As anyone in business will be aware, it’s impossible to compete in today’s marketplace without a strong digital strategy. This is no less true in the charity sector, yet sequential reports have revealed that charities are lagging behind in terms of their engagement with technology. Although some are doing well, many lack digitally skilled personnel and fall far short of their potential as a result. How should charities be engaging with technology, and what can they hope to achieve through doing so?
Perhaps the single most important area in which charities need to get active online is fundraising. Setting up donation portals on websites is easy to do, with most digital payment systems offering packages that obviate the need for advanced coding skills. Fundraising apps make it easy to reach people accessing the internet through mobile devices. The increasing number of people using online banking means it’s easy for anyone to set up a regular charity donation without having to fill out forms and take them to a branch in person, so supporters are less likely to second guess their desire to do so. It’s also easier for charities to identify potential big donors, trust and other grant providers through online databases.
Using the internet makes it much easier for charities to get noticed, which is especially important for smaller organizations without dedicated marketing budgets. Building up a social media profile is simple, though it’s important not to overreach yourself by trying to stay active on lots of different platforms at once – most organizations get best results by focusing on just two or three. It’s vital to have a website with responsive design so it’s accessible from a wide range of mobile devices. A blog is a good way to stay visible on search engines and keep supporters engaged, and mailing lists are also an option. Connecting with digital media, meanwhile, can be a great way of reaching out to potential new supporters.
One frequently overlooked advantage that digitally engaged charities enjoy is the ability to organize telecommuting. This can be used for numerous purposes such as meetings and publicity addresses, but it’s also useful because it means that charities don’t need to have all their key personnel in the same geographical area. This makes it much easier to find sought-after skills such as financial management, especially for charities based in remote areas where there are few professional people living locally. Digital communications also help charities to be more responsive by providing an extra means of contact when discussions need to be held quickly, and the option of communicating at speed in writing opens up more administrative opportunities to the deaf and hard of hearing.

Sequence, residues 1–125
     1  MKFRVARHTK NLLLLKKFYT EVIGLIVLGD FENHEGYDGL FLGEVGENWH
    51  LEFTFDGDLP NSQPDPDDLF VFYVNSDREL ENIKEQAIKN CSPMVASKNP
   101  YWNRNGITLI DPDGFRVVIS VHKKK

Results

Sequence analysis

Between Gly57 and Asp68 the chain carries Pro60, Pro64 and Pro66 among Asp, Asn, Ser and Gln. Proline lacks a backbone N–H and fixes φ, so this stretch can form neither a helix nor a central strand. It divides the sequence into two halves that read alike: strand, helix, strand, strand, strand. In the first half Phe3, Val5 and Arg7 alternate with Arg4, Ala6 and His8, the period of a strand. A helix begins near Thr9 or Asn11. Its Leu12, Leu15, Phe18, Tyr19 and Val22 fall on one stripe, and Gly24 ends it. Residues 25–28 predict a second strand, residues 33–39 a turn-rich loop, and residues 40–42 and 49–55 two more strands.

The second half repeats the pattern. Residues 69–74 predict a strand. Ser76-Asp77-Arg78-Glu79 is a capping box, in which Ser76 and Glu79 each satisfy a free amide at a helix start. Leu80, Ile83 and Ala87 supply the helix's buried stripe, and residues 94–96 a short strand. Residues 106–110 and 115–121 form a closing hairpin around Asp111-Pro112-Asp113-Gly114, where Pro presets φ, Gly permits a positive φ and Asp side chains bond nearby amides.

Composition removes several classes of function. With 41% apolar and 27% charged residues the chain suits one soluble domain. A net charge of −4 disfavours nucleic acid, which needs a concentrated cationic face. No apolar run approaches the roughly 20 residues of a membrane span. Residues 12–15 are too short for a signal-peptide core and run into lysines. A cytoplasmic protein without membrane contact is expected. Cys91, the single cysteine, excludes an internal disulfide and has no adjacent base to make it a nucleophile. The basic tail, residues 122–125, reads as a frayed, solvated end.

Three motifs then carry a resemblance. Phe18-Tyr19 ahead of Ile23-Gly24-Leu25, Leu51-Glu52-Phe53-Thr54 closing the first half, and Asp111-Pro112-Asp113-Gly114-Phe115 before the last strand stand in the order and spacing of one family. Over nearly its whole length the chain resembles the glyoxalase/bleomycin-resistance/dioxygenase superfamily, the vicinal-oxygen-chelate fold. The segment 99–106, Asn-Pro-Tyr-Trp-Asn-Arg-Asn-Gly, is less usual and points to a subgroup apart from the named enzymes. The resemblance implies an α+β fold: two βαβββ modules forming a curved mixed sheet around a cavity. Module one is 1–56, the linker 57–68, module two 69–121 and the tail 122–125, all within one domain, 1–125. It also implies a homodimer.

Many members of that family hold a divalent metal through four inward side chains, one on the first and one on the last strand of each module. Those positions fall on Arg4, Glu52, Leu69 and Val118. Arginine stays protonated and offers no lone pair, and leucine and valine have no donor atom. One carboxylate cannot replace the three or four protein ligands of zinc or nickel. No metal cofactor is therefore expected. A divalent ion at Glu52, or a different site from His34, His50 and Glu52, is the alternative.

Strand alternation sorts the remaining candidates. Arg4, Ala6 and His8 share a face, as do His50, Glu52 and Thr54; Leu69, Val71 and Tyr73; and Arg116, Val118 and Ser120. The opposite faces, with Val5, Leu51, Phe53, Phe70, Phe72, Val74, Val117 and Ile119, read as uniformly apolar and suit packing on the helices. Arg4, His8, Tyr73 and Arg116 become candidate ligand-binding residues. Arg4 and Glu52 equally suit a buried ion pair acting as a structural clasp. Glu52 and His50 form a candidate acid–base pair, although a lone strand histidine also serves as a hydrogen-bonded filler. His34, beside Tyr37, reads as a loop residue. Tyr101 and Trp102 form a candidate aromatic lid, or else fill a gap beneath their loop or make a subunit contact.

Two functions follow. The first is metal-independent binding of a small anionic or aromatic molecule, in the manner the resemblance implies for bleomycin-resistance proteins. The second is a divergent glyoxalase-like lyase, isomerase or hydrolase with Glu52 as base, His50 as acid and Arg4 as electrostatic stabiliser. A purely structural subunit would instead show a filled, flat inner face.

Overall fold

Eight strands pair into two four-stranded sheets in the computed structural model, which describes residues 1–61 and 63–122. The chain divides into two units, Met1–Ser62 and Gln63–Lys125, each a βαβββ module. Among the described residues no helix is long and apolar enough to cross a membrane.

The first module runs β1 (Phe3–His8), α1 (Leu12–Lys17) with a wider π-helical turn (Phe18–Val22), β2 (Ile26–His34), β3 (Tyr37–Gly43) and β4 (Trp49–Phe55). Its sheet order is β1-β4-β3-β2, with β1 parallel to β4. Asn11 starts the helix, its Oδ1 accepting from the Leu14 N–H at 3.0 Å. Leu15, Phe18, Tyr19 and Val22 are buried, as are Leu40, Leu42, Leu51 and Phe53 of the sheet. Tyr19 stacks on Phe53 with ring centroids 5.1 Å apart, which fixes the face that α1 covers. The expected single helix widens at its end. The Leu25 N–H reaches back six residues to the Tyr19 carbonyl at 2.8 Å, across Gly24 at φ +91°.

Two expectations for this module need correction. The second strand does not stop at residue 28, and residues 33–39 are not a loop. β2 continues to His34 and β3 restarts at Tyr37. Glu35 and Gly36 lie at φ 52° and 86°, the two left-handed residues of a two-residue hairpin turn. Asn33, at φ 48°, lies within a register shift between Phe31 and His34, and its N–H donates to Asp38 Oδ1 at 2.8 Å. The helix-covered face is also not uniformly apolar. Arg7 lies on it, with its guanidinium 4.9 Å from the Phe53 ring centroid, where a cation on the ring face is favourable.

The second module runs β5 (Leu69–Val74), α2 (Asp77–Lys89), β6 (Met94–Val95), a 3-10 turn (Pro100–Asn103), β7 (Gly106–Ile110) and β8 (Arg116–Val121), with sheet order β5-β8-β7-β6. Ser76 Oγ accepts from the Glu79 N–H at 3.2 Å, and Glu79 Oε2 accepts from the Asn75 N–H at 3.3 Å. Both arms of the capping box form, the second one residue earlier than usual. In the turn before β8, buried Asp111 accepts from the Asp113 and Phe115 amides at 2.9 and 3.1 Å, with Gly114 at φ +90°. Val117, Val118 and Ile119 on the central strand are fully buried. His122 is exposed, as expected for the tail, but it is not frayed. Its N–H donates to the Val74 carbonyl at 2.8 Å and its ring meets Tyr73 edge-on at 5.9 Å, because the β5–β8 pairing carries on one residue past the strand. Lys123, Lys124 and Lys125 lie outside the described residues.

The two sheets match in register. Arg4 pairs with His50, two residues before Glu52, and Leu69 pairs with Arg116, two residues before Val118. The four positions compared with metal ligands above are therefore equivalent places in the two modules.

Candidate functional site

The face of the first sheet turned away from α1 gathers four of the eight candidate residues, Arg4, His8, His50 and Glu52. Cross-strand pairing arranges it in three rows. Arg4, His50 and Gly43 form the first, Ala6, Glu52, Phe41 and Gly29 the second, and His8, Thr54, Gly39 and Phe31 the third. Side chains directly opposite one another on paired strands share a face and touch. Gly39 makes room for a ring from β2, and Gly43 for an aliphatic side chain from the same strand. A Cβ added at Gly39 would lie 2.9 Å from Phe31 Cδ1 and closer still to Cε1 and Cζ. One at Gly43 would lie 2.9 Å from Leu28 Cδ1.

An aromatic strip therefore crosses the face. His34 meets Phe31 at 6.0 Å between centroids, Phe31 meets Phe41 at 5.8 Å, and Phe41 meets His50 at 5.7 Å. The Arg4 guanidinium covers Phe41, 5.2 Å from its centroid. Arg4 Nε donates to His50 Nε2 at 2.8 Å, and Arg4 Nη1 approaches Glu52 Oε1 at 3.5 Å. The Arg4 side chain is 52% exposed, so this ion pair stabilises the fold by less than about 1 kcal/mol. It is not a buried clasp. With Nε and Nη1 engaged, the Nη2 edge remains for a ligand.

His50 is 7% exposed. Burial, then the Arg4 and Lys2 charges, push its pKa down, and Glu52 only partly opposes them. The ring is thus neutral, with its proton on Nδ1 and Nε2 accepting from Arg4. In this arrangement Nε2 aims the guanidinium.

Charities, like businesses, can always work more effectively when they understand more about their supporters. Database technology and the ease with which questionnaires can be created online makes it much easier for them to create and analyze records today than in the past. This means that campaigns can be constructed around what’s most likely to appeal to specific demographics, generating more effective results. At the same time, charities can more easily identify the specific needs of the people, animals or places they’re there to help, so that they can provide a more effective service.
When tech leadership meets charity
When the CEO of DocuSign, Keith Krach, who also happens to be a former General Motors vice president and the founder of Ariba, took an interest in doing charitable work, he realized that digital campaigning could make a big difference to solving the housing crisis in developing countries. Launched at Keith Krach House, the non-profit initiative, New Story, connects donors online with families who need new homes, helping to build the personal connections that inspire ongoing support. For Krach, the key was the understanding that technology isn’t an end in itself – its value lies in connecting people.
What the future holds
Over time, we can expect charities to get better at digital work if only because individuals are improving their digital skills. Children are picking up these skills at school and growing up with the understanding that keeping them up to date is vital to their personal success. Improvements in areas like security, data processing and telecommuting technology are streamlining what charities are able to do and creating new options all the time.
With this in mind, it has never been more important for charity organizers to think about what digital opportunities could do for them. Developing strategies now means that even if they have to wait for the personnel they need to bring them to fruition, they’ll be ready to go as soon as the opportunity presents itself.